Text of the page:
The gray kingbird, Tyrannus dominicensis is a bit of a mystery, which is odd because it’s a familiar bird, especially for those of us living in the southern half of Florida’s Peninsula.
It’s a common sight in coastal areas, particularly in South Florida, but there are basic things about this bird that we just don’t know, like the specific roles parents play in rearing their offspring. Or how old those offspring might be when they first flap their wings with purpose.
Gray kingbirds are migratory visitors to the Sunshine State, wintering in the Caribbean, Central America and South America, then flying north to nest come spring and summer. Their range extends to North Carolina along the Atlantic Coast and as far west as Mississippi on the Gulf, but they really become rare north of roughly Brevard and Hillsborough counties. They’re also known to wander as far north as New York and New England and even as far away as British Columbia.
Gray kingbirds go between seven and eight inches in length. They have large heads sometimes topped with a red crest that’s usually unseen, and a wide, black bands across each eye. They’re gray above and on the sides and white underneath. Their tails are slightly forked in the middle.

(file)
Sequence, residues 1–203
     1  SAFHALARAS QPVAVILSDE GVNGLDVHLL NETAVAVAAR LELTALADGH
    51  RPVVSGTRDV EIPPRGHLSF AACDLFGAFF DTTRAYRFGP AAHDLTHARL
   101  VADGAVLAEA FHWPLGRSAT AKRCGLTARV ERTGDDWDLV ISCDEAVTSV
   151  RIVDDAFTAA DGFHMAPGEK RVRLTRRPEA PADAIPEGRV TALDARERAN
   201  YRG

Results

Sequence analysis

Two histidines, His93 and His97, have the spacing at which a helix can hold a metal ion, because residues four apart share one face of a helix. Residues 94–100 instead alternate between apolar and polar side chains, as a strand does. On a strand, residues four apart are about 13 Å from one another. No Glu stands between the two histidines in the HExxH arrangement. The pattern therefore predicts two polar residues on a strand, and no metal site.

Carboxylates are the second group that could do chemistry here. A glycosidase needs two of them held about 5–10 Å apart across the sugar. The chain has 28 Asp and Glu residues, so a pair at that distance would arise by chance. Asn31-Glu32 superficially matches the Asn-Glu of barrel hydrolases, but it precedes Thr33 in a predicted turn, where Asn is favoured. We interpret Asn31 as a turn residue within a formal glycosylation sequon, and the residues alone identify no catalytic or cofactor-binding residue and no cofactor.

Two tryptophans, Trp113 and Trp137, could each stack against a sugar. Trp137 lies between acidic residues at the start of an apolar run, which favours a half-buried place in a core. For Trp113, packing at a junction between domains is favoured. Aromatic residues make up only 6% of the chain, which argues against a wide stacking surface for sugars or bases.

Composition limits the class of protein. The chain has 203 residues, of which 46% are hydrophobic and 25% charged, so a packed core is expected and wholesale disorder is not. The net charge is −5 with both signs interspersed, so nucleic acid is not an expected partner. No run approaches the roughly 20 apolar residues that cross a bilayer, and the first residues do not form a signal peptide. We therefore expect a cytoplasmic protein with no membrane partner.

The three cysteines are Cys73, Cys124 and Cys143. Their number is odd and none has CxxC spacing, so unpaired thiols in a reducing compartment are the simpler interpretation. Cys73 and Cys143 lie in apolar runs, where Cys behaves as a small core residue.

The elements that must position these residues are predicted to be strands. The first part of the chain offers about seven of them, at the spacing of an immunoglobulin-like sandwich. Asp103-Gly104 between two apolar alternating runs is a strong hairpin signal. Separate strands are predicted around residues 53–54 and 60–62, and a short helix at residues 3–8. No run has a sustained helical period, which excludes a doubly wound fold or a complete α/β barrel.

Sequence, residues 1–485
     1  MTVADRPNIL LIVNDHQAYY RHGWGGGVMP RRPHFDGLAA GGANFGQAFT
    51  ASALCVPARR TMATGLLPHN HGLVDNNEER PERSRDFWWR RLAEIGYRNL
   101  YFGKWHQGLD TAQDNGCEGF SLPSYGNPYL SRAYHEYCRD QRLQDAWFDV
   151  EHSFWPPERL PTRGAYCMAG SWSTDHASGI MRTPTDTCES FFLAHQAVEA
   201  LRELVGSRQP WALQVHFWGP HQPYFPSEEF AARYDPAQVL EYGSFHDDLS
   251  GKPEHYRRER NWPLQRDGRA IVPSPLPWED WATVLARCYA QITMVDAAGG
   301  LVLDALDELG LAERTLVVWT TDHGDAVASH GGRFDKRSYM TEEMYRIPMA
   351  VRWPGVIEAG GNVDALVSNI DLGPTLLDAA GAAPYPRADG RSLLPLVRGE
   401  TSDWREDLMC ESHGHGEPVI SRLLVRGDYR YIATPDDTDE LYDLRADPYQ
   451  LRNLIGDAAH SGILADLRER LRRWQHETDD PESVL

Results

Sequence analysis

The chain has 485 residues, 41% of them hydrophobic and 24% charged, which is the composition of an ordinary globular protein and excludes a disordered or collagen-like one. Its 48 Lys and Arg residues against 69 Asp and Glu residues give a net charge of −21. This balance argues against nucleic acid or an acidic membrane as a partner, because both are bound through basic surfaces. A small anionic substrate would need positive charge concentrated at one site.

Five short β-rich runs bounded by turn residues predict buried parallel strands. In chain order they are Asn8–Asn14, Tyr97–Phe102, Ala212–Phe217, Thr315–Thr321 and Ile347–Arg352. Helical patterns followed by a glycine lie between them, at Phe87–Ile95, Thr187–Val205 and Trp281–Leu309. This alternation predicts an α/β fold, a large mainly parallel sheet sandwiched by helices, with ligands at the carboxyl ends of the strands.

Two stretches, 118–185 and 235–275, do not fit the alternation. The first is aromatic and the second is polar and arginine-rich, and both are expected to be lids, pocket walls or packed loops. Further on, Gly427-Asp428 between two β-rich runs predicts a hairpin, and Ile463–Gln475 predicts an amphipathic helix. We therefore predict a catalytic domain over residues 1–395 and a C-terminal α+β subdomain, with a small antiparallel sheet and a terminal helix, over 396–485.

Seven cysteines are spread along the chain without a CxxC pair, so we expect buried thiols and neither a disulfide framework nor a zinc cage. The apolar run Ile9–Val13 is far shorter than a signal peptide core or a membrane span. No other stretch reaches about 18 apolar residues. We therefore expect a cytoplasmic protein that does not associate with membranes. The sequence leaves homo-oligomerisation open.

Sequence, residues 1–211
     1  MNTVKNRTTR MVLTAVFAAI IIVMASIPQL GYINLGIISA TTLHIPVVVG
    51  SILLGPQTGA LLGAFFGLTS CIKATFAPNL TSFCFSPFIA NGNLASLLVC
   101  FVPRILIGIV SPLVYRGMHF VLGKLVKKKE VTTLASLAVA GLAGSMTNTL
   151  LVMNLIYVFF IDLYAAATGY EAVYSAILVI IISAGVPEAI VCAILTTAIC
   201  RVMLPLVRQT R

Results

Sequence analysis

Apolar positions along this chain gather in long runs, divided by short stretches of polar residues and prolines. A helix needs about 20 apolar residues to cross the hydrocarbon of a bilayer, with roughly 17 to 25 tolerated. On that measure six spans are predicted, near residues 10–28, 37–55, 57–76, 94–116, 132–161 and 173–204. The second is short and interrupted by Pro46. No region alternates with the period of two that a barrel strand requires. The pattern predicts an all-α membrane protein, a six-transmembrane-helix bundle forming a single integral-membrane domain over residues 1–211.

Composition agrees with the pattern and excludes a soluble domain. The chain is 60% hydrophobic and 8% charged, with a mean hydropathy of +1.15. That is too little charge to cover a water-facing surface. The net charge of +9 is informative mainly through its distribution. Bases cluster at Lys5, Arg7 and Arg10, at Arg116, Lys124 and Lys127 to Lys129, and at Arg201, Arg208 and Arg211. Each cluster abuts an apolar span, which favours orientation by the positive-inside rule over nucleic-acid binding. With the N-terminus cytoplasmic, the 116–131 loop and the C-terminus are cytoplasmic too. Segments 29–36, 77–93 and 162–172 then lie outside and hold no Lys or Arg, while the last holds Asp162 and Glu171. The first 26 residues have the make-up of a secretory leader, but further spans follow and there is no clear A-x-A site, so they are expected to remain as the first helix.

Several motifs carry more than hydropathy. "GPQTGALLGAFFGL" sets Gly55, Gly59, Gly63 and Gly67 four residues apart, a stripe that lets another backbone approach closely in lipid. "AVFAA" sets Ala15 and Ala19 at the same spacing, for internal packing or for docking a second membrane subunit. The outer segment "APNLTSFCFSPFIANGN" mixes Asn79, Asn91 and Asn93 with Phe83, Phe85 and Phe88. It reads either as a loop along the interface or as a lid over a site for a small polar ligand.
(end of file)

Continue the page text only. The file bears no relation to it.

They tend to perch in open places — an exposed tree branch or electrical wire. They’ll dash out to pick off a wasp, beetle or some other insect, then retreat back to their perch. Gray kingbirds will take lizards and have been seen taking hummingbirds. They also eat some fruit.
Mangrove swamps and off-shore mangrove islands are favorite nesting habitats for gray kingbirds, which explains why they their numbers drop off farther north along the coast and why they’re generally not seen far inland. It may in part account for some of the holes in our knowledge of these birds, since these places aren’t easily accessible for us. Gray kingbirds, however, have been spotted nesting more inland in South Florida within the past few decades, according to the Florida Fish and Wildlife Conservation Commission.
Where mangroves have disappeared, gray kingbirds have adapted their ways to the suburbs, farms and even cities, and they will nest in pines and oaks.
Nesting season begins in June and runs at least into early August. Gray kingbirds make an open cup for nest, where mom will lay two to four eggs per clutch. How long the eggs must be incubated isn’t known, and it’s not known whether one or both parents handle sitting duties. It’s assumed, but not confirmed, that both feed their offspring; how much time passes until first flight is also unknown. What is known: gray kingbirds fiercely defend their nest against invaders, including humans. They return to the Caribbean come October and November.
The gray kingbird population is considered stable.
Gray kingbirds are members of Tyrannidae, the tyrant flycatcher family.